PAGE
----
Background: Glioblastoma (GBM) is poorly responsive to current chemotherapy. The nuclear transporter exportin 1 (XPO1, CRM1) is often highly expressed in GBM, which may portend a poor prognosis. Here, we determine the efficacy of novel selective inhibitors of nuclear export (SINE) specific to XPO1 in preclinical models of GBM.
Methods: Seven patient-derived GBM lines were treated with 3 SINE compounds (KPT-251, KPT-276, and Selinexor) in neurosphere culture conditions. KPT-276 and Selinexor were also evaluated in a murine orthotopic patient-derived xenograft (PDX) model of GBM. Cell cycle effects were assayed by flow cytometry in vitro and immunohistochemistry in vivo. Apoptosis was determined by terminal deoxynucleotidyl transferase dUTP nick end labeling (TUNEL) and caspase 3/7 activity assays.
Results: Treatment of GBM neurosphere cultures with KPT-276, Selinexor, and KPT-251 revealed dose-responsive growth inhibition in all 7 GBM lines [range of half-maximal inhibitory concentration (IC50), 6-354 nM]. In an orthotopic PDX model, treatment with KPT-276 and Selinexor demonstrated pharmacodynamic efficacy, significantly suppressed tumor growth, and prolonged animal survival. Cellular proliferation was not altered with SINE treatment. Instead, induction of apoptosis was apparent both in vitro and in vivo with SINE treatment, without overt evidence of neurotoxicity.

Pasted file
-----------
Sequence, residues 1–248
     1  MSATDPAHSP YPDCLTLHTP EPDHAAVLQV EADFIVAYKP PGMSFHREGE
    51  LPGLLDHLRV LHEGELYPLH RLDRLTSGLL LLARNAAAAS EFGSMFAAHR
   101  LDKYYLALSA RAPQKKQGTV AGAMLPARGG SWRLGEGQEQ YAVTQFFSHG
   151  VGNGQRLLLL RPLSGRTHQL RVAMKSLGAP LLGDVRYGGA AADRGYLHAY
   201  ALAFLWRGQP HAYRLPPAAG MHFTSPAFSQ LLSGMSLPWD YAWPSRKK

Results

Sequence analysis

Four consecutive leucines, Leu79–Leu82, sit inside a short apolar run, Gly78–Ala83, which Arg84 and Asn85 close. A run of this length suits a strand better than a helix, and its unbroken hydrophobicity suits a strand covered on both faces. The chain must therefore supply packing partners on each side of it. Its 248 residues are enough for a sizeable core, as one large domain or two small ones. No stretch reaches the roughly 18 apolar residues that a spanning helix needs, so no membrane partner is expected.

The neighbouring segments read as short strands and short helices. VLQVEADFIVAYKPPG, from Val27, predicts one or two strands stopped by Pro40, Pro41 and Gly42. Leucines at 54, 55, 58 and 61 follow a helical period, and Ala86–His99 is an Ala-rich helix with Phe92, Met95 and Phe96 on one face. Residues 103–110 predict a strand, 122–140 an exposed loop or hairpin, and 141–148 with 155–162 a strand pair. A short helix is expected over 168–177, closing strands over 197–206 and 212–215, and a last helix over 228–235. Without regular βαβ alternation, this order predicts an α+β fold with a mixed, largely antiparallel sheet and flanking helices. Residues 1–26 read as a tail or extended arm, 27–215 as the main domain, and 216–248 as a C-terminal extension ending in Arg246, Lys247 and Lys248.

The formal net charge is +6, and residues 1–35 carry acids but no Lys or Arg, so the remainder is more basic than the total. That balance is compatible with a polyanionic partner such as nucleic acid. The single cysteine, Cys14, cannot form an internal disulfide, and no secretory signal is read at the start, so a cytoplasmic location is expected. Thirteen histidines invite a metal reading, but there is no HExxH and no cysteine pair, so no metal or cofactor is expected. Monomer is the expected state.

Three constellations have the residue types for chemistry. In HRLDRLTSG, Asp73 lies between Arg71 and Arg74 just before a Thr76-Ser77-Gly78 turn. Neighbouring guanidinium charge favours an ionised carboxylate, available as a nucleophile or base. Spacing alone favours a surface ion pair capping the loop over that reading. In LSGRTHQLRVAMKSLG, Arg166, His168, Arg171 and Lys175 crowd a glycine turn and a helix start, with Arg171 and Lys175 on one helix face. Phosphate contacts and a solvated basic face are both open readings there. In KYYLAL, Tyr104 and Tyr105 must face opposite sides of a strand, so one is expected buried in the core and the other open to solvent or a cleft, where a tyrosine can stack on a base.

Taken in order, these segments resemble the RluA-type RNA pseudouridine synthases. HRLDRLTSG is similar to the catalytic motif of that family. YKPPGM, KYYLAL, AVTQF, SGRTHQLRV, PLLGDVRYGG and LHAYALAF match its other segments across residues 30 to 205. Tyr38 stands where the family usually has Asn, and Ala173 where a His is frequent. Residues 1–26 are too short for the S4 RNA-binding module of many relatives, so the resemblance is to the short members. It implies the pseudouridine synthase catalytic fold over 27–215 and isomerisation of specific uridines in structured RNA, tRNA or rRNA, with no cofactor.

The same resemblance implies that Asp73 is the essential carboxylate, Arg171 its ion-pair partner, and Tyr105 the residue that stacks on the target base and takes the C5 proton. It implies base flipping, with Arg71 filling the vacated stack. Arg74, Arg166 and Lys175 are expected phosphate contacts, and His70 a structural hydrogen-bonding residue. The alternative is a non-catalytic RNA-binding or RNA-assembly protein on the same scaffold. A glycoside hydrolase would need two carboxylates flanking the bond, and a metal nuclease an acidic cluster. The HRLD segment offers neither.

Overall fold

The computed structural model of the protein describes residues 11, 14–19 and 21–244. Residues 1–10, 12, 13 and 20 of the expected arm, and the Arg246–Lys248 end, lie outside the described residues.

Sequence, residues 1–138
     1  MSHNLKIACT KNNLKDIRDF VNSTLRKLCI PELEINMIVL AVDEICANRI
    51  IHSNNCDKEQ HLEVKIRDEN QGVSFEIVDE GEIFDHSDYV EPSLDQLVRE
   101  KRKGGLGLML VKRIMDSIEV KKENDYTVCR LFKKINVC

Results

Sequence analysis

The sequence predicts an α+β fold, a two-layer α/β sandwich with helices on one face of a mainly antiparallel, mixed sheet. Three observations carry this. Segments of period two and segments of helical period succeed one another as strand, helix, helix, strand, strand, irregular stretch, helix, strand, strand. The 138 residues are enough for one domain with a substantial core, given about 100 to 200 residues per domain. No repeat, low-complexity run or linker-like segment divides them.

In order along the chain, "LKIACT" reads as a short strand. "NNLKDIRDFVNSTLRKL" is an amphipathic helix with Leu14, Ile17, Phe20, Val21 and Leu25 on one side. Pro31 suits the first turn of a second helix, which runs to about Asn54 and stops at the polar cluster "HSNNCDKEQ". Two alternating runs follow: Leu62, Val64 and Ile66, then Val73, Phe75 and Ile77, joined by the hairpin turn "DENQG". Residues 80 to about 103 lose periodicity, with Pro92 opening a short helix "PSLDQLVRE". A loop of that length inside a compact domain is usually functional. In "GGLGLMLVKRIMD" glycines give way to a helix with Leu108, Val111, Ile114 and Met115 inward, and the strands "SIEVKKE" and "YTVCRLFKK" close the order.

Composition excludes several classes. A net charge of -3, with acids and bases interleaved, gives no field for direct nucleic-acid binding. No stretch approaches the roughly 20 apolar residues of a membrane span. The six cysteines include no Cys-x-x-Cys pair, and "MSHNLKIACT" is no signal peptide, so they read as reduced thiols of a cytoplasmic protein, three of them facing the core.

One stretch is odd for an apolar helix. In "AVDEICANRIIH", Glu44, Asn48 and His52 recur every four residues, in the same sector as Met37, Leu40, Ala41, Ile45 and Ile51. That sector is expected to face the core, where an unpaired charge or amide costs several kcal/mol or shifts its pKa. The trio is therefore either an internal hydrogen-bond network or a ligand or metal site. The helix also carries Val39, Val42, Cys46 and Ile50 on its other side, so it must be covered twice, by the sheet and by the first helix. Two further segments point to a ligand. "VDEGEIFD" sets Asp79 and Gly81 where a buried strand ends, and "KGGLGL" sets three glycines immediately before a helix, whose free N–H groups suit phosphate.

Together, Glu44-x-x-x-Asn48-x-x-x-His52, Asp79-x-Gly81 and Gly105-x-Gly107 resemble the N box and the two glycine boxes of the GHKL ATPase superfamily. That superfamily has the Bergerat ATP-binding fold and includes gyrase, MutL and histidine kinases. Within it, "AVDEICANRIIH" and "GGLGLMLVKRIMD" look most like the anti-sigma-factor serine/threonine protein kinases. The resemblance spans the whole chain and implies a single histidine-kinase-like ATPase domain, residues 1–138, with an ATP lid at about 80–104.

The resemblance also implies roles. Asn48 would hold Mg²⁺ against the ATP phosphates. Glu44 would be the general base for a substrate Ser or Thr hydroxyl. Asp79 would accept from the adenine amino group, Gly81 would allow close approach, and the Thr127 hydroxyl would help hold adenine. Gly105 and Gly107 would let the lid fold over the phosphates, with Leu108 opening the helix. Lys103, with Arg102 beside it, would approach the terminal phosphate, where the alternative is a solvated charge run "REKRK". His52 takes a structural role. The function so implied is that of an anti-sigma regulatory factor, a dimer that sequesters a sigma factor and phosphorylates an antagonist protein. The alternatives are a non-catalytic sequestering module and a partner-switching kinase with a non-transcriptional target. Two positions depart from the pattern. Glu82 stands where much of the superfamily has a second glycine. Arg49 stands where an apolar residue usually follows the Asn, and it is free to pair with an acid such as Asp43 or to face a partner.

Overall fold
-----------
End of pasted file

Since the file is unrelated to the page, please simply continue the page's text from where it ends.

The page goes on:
Conclusions: SINE compounds show preclinical efficacy utilizing in vitro and in vivo models of GBM, with induction of apoptosis as the mechanism of action. Selinexor is now in early clinical trials in solid and hematological malignancies. Based on these preclinical data and excellent brain penetration, we have initiated clinical trials of Selinexor in patients with relapsed GBM.
Keywords: SINE; apoptosis; exportin 1; glioblastoma; patient-derived xenograft.
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